Crashing Oil Could Affect Your Mortgage Rate

Significant rate catalysts often come out of left field. Case in point: collapsing Canadian oil prices.

Check out this chart below. It shows Canadian oil (a.k.a., Western Canada select, or “WCS“) rapidly cheapening versus higher-demand “WTI” oil from the U.S. This is a record discount.

The Crash in Canadian Oil Will Affect Mortgage Rates

Source: BNN Bloomberg

Its thickness, inferior quality and delivery challenges mean Canadian oil always trades at a discount to WTI (roughly $15 cheaper on average over the long term, says BNN), but this is cray-cray.

Alberta’s oil regulator (AER) projected a $13.50 per barrel average discount from WTI in 2018. We’re at $52 as this is being written.

Why You Should Care

Canada’s largest single export is oil. The industry related to WCS oil contributed $79 billion to Canada’s economy in 2017 (Source: AER). That’s over 5% of GDP.

An oil price meltdown means lost jobs, lost tax revenue, lost government royalties and so on.

This is no joke. Sinking WCS could shave a whopping 0.7 per cent off our national GDP (or more), according to recent estimates by the Fraser Institute.

Lower growth generally means lower inflation risk. Other things equal, this news is bearish for Canadian mortgage rates.

Keep in mind, Canadian oil prices are highly volatile. This spread will likely rebound in the not-too-distant future, say analysts.

Moreover, WCS is just one input affecting interest rates. But it’s a meaningful input when the moves are extreme. For those reasons, this crash in WCS could eliminate one or more Bank of Canada rate hikes. And that’s variable-rate friendly.



Tags: oil prices

6 Comments

  • That’s the spot price in Hardisty. Most producers have firm pipeline capacity allocations and therefore get prices much closer to WTI for the majority of their oil.

  • Oil-man says:

    What producers get for the majority of their oil is inconsequential because it’s the marginal price of oil that determines investment. Those pipelines you refer to are totally oversubscribed and their contracts continually reset, as do the prices producers receive. Canada needs much bigger pipes but our government has completely failed in this respect. On top of it all, we have only one customer for our oil and that customer is dramatically ramping up its own exploration and production.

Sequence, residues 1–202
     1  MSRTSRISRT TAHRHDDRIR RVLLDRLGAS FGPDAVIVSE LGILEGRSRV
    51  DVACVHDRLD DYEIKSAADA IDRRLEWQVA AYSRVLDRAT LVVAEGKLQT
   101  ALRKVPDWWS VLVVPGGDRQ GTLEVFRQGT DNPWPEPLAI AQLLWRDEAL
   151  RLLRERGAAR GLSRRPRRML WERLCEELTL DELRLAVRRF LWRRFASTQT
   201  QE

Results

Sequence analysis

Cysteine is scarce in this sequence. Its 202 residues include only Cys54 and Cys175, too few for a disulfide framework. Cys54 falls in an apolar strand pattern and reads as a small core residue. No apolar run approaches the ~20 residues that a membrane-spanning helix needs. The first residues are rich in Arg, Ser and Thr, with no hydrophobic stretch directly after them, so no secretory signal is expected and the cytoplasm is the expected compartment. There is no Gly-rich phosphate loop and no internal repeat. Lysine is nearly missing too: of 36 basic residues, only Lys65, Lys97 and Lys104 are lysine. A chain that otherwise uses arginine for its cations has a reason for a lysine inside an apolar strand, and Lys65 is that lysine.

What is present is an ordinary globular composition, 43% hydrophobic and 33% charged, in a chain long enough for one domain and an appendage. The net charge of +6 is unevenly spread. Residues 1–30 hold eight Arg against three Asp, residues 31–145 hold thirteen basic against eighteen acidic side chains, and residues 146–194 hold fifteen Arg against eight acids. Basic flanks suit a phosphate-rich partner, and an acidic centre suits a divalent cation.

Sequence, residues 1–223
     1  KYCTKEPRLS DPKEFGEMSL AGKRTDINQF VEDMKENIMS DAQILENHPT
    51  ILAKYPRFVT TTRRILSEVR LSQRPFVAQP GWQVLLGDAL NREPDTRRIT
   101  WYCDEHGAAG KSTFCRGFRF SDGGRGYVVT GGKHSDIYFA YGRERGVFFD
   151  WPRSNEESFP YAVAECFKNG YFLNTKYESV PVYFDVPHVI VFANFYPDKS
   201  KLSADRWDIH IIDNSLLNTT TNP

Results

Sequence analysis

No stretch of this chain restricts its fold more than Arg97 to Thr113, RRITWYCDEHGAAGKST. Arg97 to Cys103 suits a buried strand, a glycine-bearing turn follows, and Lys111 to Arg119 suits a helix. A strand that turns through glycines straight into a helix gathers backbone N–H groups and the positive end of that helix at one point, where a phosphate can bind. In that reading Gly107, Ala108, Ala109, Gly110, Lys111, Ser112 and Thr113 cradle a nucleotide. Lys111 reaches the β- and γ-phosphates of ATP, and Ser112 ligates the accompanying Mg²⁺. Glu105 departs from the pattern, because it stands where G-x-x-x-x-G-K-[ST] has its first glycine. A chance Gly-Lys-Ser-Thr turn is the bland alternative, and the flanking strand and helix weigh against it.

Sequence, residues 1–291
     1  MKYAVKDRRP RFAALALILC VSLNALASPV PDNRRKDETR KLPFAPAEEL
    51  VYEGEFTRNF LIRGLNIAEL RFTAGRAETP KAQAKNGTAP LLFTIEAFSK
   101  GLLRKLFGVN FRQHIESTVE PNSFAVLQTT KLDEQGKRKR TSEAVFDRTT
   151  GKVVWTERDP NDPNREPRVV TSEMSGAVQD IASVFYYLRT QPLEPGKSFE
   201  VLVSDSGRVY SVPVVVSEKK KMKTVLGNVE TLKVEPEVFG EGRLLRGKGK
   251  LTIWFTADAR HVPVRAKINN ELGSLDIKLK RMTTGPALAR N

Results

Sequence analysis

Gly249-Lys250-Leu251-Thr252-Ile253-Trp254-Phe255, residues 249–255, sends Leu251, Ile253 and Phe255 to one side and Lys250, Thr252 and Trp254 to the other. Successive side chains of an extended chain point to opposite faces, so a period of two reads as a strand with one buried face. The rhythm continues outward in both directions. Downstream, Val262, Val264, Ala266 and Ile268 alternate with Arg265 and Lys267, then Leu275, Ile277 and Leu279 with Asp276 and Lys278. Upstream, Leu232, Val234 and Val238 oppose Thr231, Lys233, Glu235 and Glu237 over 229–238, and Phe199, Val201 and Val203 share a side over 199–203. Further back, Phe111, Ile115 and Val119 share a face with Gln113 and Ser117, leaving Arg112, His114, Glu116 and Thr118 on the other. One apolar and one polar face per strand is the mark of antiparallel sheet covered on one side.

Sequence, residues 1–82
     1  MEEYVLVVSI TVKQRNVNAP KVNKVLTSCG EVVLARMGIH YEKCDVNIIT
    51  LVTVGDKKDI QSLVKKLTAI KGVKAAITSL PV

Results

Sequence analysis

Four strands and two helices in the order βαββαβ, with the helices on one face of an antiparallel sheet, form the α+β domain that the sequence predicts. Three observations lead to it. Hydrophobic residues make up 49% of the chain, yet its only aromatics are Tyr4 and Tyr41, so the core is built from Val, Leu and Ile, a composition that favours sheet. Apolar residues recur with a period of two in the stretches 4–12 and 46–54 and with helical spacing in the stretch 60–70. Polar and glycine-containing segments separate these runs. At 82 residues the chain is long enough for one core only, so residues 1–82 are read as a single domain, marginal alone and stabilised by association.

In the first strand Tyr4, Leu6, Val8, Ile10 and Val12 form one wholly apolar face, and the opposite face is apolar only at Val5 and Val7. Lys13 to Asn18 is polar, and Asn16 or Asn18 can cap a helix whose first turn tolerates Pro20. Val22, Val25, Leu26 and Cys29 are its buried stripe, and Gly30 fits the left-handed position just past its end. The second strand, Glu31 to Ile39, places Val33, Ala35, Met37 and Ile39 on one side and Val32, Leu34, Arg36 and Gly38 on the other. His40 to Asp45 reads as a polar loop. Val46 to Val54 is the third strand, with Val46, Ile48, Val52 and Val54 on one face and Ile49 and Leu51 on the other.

This is a crisis no matter how you spin it.

  • Rahul says:

    Is there a way for the government to completely ignore the protests and what ever ruling the court gives and say we are going to build the pipeline we want because it is required for the economy?

    Canada spends way too long and too much money in environmental consultations with the communities. I fee like these people protest because they are not getting enough incentives (free money) for letting the companies build pipelines. They will protest until they receive sufficient incentives for allowing the pipeline. I researched into how these people can even afford to organize and attend such large protests as it costs a lot of money and found out that they get paid to run them through a fund that government has for protecting the environment. This is just utter nonsense. Cut this funding and the protests will automatically reduce. I certainly don’t have time to waste it on going to protests if I wasn’t going to get money to go to it.

  • Oil-man, I think Rob likes to stick to facts on this site, not emotional drama.
    Not all pipeline contracts “continually reset” as you claim; most are multi-year terms. Enbridge’s nomination process for capacity is the exception, not the rule.
    And while the US may be our biggest customer, it is false to claim, “we have only one”. China imported a total of 4.30 million barrels of crude oil from Canada in the first seven months of 2017, according to the General Administration of Customs data.

  • jesse sholdice says:

    The US ramp in production is super light and can’t be processes at most refineries in the gulf coast. If we stopped shipping to the US it would be detrimental to them as their heavy feedstock from Venezuela has been been compromised. As well the ultra light oil is almost run directly into naptha unit as it is almost too light for disstilates

  • Oil-man says:

    @Rahul : Legislation has to change. A slow process.

    @Ralph : Are you kidding me? It is fact that 99% of our oil goes to the US. Are you really so literal as to quibble over the figurative and ignore the point? I won’t even argue with you on pipeline economics because you seem underinformed.

    @Jesse : For the first time since 1973, the US is the world’s largest producer of crude oil and growing fast. Texas is now second only to Russia and the Saudis in pumping it. https://money.cnn.com/2018/09/12/investing/us-oil-production-russia-saudi-arabia/index.html

    Yes shale is mostly light oil but it can be blended with heavier crudes. We’d have lots more heavy for the Americans if there were any type of leadership and negotiating skills in Ottawa. What will probably happen is light oil will sell at a big discount because of refining bottlenecks. That could hurt or help us depending on our ability to get WCS to market.

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